Created attachment 55023 [details]
Using CSS to override the display property on td or table does not work, but overriding the property on tr does. This can lead to strange results if a page wants to unwrap a table by making them all display:block, or display:inline.
On td elements, the developer tools show display:table-cell crossed out in the user-agent stylesheet, and display:block in the inline or attached stylesheet as active, but the computed style shows display:table-cell.
The same applies for table elements and display:table, or for trying to override either with display:inline instead. In all cases the default values are shown crossed out, and the overridden values are shown active, but the computer style is back to the default.
On tr, however, overriding display *does* work as expected. The default display:table-row is crossed out, and the display:block from the inline stylesheet is shown as active...but the computed style and actual layout *do* reflect display:block.
This can make for some unexpected behavior if a page tries to unwrap a table (for small-screen display, for instance), as the table rows will stop behaving as rows, but the cells will continue to behave as table cells.
Found in Chrome 4 and Safari 4, and confirmed in the WebKit r58686 nightly. Firefox 3.6 and Opera 10.5 successfully override the values, while Internet Explorer 8 does not change any of them.
I can confirm this bug, it's currently causing me pain trying create a responsive design.
I want to add to this bug, not because it really is a bug, but I don't think what it is doing is quite complete. It looks like webkit won't override the display properties because a doctype isn't declared. So, you would need <!DOCTYPE html> at the top of your document. Now, this is all fine and dandy, but it seems to only enforce this on td, and not th or any other part of the table. This seems silly.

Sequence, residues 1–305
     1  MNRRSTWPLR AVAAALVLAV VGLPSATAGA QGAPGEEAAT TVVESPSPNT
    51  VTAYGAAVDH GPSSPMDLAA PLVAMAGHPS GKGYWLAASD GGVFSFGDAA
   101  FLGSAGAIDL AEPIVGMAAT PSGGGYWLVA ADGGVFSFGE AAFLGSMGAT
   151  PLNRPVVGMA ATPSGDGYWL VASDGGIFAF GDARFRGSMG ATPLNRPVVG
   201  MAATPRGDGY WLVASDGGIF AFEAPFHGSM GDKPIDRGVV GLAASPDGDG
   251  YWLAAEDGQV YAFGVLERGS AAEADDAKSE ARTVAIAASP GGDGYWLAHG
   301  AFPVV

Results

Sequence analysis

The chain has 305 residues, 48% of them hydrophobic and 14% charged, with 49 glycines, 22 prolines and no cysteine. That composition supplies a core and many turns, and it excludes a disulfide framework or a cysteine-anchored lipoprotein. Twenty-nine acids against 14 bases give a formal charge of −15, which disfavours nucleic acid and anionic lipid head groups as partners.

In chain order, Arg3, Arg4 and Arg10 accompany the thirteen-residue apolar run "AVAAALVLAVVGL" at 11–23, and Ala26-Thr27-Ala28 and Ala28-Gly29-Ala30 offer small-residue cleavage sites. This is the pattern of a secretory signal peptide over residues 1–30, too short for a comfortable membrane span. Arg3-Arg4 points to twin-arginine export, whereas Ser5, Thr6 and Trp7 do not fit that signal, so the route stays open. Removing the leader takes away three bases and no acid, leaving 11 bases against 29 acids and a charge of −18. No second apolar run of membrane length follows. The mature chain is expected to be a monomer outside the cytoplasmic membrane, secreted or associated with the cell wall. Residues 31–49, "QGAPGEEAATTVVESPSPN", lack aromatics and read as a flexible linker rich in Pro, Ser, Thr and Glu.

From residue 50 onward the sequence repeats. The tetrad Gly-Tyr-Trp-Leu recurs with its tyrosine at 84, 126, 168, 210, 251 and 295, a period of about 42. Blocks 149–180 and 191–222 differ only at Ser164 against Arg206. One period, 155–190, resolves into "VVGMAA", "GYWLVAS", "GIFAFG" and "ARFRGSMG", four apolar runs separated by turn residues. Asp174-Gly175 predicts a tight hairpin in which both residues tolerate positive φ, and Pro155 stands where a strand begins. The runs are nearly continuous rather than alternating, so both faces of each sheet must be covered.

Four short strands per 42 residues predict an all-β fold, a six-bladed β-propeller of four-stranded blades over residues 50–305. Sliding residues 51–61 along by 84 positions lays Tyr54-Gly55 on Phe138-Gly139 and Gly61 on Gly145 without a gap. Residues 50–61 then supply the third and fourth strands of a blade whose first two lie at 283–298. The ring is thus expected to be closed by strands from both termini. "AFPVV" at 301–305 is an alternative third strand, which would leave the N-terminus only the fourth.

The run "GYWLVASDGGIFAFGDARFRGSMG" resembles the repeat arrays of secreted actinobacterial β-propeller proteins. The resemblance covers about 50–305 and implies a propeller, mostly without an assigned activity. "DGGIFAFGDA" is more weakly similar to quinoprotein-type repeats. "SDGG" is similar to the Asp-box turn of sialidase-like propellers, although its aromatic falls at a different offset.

(In reply to comment #2)
> I want to add to this bug, not because it really is a bug, but I don't think
> what it is doing is quite complete. It looks like webkit won't override the
> display properties because a doctype isn't declared. So, you would need
> <!DOCTYPE html> at the top of your document. Now, this is all fine and
> dandy, but it seems to only enforce this on td, and not th or any other part
> of the table. This seems silly.
This resolved the issue for me, but I agree that this should be considered a bug, and should be fixed.
I have this same problem for responsive design. I do have <!DOCTYPE html> on my webpage but still doesn't work. However, if i append my css code internally instead of external css, it works or override the inline css. I really don't understand why it doesn't work when i keep same css code in external css though.
This is still a bug in responsive design. It wasn't an issue for me until the last Chrome update 45.0.2454.85. I do have a doctype declared, and the problem still exists.
For mobile, I have my code and CSS to display a table's table-cells as intended on mobile landscape view (media query: less than 599px wide), but for mobile portrait (media query: less than 480px), table cells are set to display:block and width:100%.
Initially when the page loads, everything works, but if you switch from portrait to landscape back to portrait, or if you're in a web browser and keep resizing your screen at those responsive breakpoints, the portrait tables will appear as a hybrid of display:table-cell and display:block. I have no other CSS overriding the section, and when using Dev Tools to check the styles, the useragent overrides the display setting to table-cell.
I created a codepen for this: http://codepen.io/WebDevJoshB/pen/JYGBvB
Be sure to resize the browser a few times at those break points mentioned above.
sorry, can't see how to update. This only happens when there are more than two table cells. On two, things are fine. When I increase to 3 or greater, that's when the issue appears.
I found a solution; if you set the containing table row <tr> to display:table-cell, it will render as expected.